Breakfast With the Nguyens

Silence enters through the back door –
Unannounced –
And sits down at dinner.
It is an inconspicuous guest,
Though we cannot ignore its arrival.
It waits until the food is out and then
Begins to feast,
Not on our plates
But on us.
Snakelike, it slithers around us in a feigned embrace
And then constricts our throats,
Stealing our voices.
Our eyelids drop
Until our downcast eyes can only stare deep into our hollow bowls,
Forcing us to look emptiness straight in the face.
Reminding us that we consume
To fill that emptiness.

Morning in the Nguyen household. The clock ticks to calibrate the dawn in lazy seconds. Today is a gray day. There are dirty plates in the sink. There is a bowl of ca kho voi com or catfish with rice covered with saran wrap – leftovers from a dinner nobody finished. There is a scent of eucalyptus oil – a Vietnamese cure-all – imprinted deep in all the furniture. The couch’s cushions have been worn down by sleepless hours passed while flipping channels. The latest Nguoi-Viet Magazine can be seen on the ground, exposing a slender cover girl wearing a traditional ao dai dress who is wearing too much makeup, flashing a glossy smile.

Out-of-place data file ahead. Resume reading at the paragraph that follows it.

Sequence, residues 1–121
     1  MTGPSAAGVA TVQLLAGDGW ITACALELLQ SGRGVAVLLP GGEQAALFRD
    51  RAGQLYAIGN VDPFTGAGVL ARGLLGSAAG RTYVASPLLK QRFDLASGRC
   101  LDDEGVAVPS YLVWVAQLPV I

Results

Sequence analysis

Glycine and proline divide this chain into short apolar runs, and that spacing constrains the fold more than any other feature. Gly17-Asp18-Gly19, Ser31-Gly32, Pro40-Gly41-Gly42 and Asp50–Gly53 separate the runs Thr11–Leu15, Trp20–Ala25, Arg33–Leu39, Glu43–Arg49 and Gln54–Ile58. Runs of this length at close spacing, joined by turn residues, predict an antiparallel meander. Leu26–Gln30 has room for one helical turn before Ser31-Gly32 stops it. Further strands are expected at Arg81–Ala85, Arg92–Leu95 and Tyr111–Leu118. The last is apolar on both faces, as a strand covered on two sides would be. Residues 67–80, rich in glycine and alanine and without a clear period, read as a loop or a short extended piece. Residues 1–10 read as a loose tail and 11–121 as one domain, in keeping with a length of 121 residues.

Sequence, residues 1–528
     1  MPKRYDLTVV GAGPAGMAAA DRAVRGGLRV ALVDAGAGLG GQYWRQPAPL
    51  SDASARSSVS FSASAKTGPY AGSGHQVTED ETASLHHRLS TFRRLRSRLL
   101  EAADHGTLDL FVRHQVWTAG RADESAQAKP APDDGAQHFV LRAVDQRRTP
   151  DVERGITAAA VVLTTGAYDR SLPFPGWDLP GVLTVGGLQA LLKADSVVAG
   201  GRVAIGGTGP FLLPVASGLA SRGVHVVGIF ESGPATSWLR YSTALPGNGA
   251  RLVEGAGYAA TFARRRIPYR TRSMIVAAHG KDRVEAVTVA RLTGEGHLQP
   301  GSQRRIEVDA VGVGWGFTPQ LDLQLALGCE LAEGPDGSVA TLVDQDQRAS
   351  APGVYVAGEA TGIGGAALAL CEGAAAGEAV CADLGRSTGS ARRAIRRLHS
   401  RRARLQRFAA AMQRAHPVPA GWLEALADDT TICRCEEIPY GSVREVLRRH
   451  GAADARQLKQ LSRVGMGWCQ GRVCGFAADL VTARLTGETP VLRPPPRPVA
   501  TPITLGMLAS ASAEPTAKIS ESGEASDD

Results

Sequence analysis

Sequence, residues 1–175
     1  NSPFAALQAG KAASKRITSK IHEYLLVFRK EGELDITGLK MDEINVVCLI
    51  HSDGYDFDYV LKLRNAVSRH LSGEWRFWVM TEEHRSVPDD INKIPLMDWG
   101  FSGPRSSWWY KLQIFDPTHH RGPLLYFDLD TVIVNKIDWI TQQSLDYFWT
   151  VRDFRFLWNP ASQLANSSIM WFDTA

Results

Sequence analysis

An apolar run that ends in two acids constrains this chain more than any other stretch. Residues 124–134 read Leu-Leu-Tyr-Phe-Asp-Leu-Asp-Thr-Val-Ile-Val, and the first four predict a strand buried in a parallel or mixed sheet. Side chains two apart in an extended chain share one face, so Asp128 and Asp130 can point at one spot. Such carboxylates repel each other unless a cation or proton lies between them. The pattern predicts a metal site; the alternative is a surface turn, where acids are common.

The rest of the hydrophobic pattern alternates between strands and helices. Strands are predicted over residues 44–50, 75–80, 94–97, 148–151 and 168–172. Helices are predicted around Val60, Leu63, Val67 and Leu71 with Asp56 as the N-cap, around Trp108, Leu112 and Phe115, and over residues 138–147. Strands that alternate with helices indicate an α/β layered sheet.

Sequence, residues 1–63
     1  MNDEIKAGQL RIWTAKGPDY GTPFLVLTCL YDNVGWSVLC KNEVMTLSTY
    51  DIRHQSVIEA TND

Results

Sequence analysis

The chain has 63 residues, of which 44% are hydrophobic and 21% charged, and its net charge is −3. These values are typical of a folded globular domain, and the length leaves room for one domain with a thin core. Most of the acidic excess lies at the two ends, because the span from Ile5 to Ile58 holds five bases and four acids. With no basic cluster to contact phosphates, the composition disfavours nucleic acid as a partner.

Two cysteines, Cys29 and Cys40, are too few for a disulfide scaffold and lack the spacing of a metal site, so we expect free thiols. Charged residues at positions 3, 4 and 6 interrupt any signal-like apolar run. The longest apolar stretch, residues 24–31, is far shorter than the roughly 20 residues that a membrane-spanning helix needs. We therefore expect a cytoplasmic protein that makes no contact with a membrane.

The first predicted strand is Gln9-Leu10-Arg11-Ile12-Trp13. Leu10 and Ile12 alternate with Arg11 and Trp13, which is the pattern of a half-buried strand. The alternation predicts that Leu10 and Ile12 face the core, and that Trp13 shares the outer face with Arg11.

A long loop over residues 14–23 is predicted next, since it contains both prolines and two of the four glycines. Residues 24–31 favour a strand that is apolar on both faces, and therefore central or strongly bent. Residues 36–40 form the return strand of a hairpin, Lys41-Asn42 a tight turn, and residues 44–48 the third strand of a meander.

The centerpiece of the family room is a baby grand piano, on which a new layer of dust has settled. A bust of Frederic Chopin sits on top overseeing the space. Old music books are arranged neatly in a rack placed to the side. The pages have gotten stuck together from staying unturned for so long. To separate them now would ruin the print altogether. Silence and dust fill the gaps where music used to live.

Dad avoids his own eyes in the mirror as he combs his hair. By now, most of it has thinned and turned gray through middle age. Still, he combs what is left deliberately, not pausing even once to lament it. No use in it anyway. With sleep still in his eyes, he splashes water on his face, pats it dry, and walks off while starting on his tie. He is on the go. Whether it was getting to work or fleeing his home country as a war refugee, he had always been light on his feet.